Garden Blog Last Hurrah


The “salad” garden grow box from a previous post now looks like this:

Potatoes & Beans

I have five of these boxes. This one, which sits in a somewhat sheltered corner near the deck, is producing its third harvest since May. First we had radishes and cilantro, then carrots and lettuce, and now potatoes and beans. The potatoes came from my pantry, little reds that had sprouted in the summer heat. I don’t know how well they will produce this late in the season. We will find out.

Behind them, the nasturtium battles for territory while lima beans climb the trellis.

cardboard collars protecting baby bean plantsYes, the cardboard collars did work to protect the baby beans from the sowbugs, and the weather finally shaped up. We’ve had a few handfuls of Kentucky Wonder pole green beans and these heirloom speckled lima vines are working at fattening up their pods.

I forgot to show you the leeks last time.

Leeks in Top Hat

This is a 1-foot square bottomless box called a “top hat” that sits inside the regular 2’X4′ grow box. You plant the leeks into the soil of the big box, and as they grow you add composted soil to the top hat so you’ll end up with nice long white roots. This is a convenient alternative to the trenching method. With trenching, you’d have to give over the whole box to leeks. The top hats allowed me to grow a few leeks among onions and flowers in the same box.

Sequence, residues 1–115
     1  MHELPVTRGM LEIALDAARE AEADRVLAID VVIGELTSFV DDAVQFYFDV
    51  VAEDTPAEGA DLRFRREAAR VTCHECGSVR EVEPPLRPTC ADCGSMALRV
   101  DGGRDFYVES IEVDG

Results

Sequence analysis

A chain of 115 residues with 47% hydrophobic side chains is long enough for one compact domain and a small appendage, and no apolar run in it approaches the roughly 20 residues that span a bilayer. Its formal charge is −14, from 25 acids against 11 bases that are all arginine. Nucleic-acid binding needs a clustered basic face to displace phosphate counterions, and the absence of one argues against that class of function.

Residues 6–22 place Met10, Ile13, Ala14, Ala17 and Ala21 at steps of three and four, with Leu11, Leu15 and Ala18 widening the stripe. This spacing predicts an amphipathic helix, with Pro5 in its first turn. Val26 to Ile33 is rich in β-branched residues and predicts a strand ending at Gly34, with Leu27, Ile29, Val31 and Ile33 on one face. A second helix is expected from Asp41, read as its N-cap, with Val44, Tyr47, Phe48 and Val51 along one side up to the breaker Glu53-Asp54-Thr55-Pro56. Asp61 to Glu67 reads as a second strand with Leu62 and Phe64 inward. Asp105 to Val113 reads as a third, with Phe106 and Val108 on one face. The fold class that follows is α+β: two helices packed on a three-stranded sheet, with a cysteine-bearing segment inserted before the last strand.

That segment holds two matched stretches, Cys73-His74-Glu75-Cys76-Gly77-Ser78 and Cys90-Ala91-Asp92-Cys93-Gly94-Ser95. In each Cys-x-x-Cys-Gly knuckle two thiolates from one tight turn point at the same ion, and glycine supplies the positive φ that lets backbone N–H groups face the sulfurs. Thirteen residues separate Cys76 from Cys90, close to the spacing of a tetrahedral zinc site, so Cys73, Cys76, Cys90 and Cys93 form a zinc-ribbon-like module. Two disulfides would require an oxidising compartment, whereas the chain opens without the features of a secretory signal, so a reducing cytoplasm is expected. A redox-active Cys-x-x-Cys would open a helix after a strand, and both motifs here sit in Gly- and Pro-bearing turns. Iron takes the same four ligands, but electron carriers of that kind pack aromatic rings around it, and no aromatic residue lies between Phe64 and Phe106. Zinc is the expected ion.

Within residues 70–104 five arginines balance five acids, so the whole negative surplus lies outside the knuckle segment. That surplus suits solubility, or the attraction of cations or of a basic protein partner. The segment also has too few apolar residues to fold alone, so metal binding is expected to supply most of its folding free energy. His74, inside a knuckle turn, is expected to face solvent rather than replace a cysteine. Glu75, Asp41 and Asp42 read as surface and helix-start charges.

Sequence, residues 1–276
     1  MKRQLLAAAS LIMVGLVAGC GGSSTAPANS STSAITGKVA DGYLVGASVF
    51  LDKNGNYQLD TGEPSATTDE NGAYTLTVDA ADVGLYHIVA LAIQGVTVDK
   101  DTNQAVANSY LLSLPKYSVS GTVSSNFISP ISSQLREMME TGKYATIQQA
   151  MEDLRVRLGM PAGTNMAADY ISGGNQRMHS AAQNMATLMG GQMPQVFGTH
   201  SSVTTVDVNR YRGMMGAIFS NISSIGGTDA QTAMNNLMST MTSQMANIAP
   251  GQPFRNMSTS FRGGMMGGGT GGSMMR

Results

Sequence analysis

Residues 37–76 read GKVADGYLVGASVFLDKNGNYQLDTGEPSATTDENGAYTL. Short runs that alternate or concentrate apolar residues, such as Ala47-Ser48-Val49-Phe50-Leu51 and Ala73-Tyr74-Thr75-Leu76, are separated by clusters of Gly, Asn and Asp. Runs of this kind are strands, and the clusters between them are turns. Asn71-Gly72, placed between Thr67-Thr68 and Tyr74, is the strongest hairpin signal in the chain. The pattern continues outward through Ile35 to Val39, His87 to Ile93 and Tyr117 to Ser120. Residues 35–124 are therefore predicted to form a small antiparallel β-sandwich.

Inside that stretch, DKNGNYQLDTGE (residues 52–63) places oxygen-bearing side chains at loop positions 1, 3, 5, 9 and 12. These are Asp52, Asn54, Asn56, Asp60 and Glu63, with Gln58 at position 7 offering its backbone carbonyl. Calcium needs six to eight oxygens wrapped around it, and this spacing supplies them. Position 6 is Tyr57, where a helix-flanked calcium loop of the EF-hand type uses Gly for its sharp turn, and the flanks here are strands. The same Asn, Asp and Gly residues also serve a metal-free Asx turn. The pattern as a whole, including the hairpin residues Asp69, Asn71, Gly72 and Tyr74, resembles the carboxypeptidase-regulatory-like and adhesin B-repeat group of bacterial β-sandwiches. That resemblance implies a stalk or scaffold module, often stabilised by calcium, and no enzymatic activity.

Leeks generally winter over quite well and in their second year they produce seeds, so not all of them will become soup this fall.

We’re still enjoying an abundance of chard, beets and tomatoes also.

Speaking of which, late afternoon yesterday we were sitting on the deck and after a few minutes Abby sneaked off. When she didn’t return in a minute or two we went looking and found her sprawled next to a grow box, stripping berry tomatoes off a low-hanging vine. Next time, maybe we’ll think to creep up on her with a camera.

All of our German Shepherds have either harvested or begged tomatoes but not our other dogs. Maybe it is a breed characteristic.

I hope Abby sticks with the berry tomatoes. They are fine — I’ve oven-dried a bunch of them — but I’m hooked on tomato-and-basil sandwiches for lunch and hope to pick a few more ripe Lemon Boys for the purpose before the season is over.